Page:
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This Technique Will Make You Better at EVERYTHING!

There are a lot of techniques that people claim will change your playing. Some can be complicated, and some can end up being very repetitive.

There are no shortcuts in getting better, you do have to put the practice in. But today we’re going to talk about a really important technique—one that is the most important thing you should start practicing (or improve on how you’re practicing).

This technique is one that you’ll see in transcriptions of all the jazz legends, like Hank Mobley, Dexter Gordon, Charlie Parker, Sonny Rollins … the list could keep going. Still, it’s a very neglected technique, in part because it may seem a bit too obvious.

What we’re talking about is a vehicle for the development of your melodic and harmonic playing—and that’s practicing chord tones and using them in your solos.

Surprised? You might have been expecting something a bit more out there … but this practice routine is something that most players do not focus on or do not focus on in the right way.

And like we mentioned, if you look at the greats, you see that they’re always playing chord tones or anticipating or suspending a chord tone. This is the foundation for melodic soloing, and it will help you stop getting lost in song forms, help you memorize chord changes, and make your playing sound much more intentional. People have a tendency to learn scales and then just go up and down the scale aimlessly, rather than sticking to what anchors you in the tonality, which is the chord tones.

We’re going to dig into some etudes that Chad LB has written over the chord progression for the tune “Donna Lee.”

Chord tone jazz solo on standard Donna Lee

Both of these etudes are from the PDF package 30 Chord Tone Solo Etudes, which you can download at if you want to take your practicing even further. This package is focused on giving you a bunch of language that’s valuable to practice and play through to incorporate this technique.


Chord tone workout

Chromatic and diatonic connections

Chord tone workout

So our first etude we’re going to tackle is the chord tone workout. And what we mean by chord tone workout is that this etude will only use chord tones the whole way through. This is an important way to practice the chord tones, because it doesn’t just wind through the scale, it’s very focused on the chord tones only.

It’s likely that you can already identify chord tones—like if we asked you to identify the chord tones of Fmaj7, Fm7, and F7, there’s a good chance many of you could do that. But just because you know them in theory doesn’t mean you’re able to move fluently through them in practice.

So there are four elements you want to focus on in order to get really fluid with chord tones:

Step one is going to be playing unique shapes. This means changing the order of the notes in the arpeggio or the order of the tones in the chord.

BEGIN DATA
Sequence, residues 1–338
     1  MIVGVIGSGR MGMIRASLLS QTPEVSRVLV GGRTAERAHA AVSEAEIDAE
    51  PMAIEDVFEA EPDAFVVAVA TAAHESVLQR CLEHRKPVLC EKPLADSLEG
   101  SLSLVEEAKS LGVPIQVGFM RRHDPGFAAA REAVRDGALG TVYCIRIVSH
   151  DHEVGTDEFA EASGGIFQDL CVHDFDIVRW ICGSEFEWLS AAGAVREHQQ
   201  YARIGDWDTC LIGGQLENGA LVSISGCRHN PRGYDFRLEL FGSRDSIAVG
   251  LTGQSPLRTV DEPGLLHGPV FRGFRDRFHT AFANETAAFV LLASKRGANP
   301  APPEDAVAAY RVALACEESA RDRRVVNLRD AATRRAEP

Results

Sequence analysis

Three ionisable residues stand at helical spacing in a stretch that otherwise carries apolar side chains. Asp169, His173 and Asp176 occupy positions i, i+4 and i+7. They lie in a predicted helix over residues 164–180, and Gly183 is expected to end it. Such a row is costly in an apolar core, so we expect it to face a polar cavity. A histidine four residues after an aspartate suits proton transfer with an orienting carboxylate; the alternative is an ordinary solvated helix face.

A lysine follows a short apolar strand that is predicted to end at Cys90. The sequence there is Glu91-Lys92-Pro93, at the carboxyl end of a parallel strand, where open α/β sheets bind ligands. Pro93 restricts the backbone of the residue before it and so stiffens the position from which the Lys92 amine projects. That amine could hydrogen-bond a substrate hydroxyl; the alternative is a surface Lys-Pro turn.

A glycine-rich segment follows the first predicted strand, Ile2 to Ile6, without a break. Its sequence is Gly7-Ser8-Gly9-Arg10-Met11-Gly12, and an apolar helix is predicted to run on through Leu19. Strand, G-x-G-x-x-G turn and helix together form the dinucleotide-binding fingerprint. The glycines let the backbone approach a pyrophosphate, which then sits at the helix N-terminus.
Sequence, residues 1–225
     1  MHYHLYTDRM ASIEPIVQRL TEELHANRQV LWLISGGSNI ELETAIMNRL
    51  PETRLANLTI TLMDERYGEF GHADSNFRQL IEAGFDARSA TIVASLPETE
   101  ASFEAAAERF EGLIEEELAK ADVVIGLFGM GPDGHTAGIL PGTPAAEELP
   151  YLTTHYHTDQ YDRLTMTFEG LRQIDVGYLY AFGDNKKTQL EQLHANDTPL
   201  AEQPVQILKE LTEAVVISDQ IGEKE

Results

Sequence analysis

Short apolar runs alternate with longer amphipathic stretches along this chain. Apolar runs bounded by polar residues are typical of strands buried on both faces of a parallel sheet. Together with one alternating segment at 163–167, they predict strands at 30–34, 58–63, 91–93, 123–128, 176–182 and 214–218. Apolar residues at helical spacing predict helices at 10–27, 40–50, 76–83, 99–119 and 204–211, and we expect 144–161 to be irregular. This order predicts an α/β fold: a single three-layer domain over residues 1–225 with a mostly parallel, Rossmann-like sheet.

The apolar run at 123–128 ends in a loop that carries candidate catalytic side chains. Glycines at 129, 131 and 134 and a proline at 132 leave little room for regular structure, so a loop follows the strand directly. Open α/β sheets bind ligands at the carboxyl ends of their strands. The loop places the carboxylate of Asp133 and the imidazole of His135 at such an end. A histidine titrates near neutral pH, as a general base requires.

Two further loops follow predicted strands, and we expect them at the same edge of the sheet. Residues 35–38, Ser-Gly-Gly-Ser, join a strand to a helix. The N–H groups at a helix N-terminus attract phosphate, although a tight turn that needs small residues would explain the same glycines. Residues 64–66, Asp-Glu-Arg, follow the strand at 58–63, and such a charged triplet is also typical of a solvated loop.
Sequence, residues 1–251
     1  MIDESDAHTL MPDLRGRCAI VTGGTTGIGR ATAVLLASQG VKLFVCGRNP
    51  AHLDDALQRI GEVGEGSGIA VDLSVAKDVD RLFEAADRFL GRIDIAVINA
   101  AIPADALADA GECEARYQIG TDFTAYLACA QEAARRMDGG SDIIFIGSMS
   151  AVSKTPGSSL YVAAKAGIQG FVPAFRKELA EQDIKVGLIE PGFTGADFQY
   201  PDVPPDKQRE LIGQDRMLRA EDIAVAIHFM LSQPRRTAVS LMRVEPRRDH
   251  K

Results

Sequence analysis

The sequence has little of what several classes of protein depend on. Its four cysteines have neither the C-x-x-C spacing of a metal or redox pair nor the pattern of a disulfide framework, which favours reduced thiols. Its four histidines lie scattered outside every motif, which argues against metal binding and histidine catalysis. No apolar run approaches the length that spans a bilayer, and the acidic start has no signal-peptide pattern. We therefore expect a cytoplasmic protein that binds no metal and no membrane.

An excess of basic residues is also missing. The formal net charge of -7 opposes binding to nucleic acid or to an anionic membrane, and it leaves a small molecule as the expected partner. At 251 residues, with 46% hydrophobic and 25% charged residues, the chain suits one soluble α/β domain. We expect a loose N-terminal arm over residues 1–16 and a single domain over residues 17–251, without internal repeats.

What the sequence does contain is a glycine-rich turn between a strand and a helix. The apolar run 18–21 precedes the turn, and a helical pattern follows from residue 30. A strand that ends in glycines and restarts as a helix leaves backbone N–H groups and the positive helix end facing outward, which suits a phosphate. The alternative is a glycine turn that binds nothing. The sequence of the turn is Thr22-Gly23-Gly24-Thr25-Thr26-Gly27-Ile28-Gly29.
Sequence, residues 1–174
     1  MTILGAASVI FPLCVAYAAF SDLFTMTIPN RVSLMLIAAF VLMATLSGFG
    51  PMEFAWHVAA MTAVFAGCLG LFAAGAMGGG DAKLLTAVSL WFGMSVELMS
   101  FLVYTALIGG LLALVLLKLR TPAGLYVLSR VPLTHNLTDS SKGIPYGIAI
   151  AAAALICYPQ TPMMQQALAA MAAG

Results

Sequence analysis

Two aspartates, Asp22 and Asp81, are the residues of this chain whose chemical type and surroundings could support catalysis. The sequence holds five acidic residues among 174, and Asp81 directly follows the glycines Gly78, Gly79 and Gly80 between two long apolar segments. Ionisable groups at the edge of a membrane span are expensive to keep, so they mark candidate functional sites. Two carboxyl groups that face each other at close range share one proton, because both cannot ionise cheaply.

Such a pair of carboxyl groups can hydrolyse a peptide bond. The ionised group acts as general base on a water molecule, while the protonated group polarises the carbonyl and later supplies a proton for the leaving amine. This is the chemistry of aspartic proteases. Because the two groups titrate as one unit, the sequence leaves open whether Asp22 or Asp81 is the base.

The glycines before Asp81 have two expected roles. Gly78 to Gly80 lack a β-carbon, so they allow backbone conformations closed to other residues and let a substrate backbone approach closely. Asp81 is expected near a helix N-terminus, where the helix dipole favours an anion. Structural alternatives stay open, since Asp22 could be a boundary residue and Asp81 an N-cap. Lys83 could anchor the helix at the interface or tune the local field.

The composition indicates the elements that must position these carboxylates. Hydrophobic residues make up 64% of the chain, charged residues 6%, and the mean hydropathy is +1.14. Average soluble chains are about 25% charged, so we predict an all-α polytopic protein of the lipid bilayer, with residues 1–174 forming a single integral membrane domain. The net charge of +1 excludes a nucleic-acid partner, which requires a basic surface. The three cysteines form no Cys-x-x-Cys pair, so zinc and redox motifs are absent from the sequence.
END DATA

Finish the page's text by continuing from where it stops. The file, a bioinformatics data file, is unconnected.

Jazz chord tone shape from root

Instead of 1, 3, 5, 7, we can do something like 1, 5, 3, 7.

Jazz chord tone shape with variation

Or how about 7, 3, 5, 1? Being able to do these unique shapes is key.

Jazz chord tone variation from the seventh

Step two is that when you’re playing from chord to chord, you also want to be able to play chord tones throughout the full range of your instrument. It’s one thing to do it in one octave, but you need to be able to do it in at least a couple octaves over the range of your instrument.

Both of these elements are highlighted in the first etude. The second etude is going to cover steps 3 and 4.

Step three is that you need to be thinking about connecting chord tones with each other using diatonic and chromatic connections.

Finally, step four, you want to be able to have rhythmic variation in your use of chord tones. That means not just using straight eighth notes, but also triplets. Triplets are the most underutilized rhythm for developing improvisers, in part because they can feel the least intuitive. If you start to get the hang of triplets, especially with chord tones, it’s going to take your playing to a whole new level.

Now let’s check out the chord tone workout on “Donna Lee.” If you want the full analysis of the etude, be sure to check out our YouTube video here!

Chord tone workout on Donna Lee jazz standard for jazz solo practice

Right off the top, we see a unique shape, with the seventh below the root on the Abmaj7. From there, we go into the root and skip up to the fifth, stepping down to the third, then fifth, the seventh, and then the third on top. So already we’ve got the same chord tones in different octaves—then you’ll see a close connection from the last note of measure one. That C down into the A natural, which is the first note of the second measure. All it means to have a close connection is just that we have tight voice leading from measure to measure when the chords change.

You’ll also see that getting from the end of measure two into measure three, where we have those diatonic steps back down into the third of the Bb7.

In this etude, Chad really tried to point out just how melodic the third is. And if you look at each measure all the way until measure nine, you’ll see we’re using the third on the first beat of every measure when the chord changes, and we’ll have a lot of variation in the shapes that we use. In measure three, we have a lot of upward motion, where in measure five, we have a lot of descending motion. Then of course we have a lot of descending arpeggios that use both ascending and descending motion within them. And if you look at measure eight, you’ll see we have a lot of variation in the shape.

So this etude was just chord tones all the way through, 1, 3, 5, and 7, and then an occasional ninth as well. Chad walks through the full etude in our YouTube video, so be sure to check that out!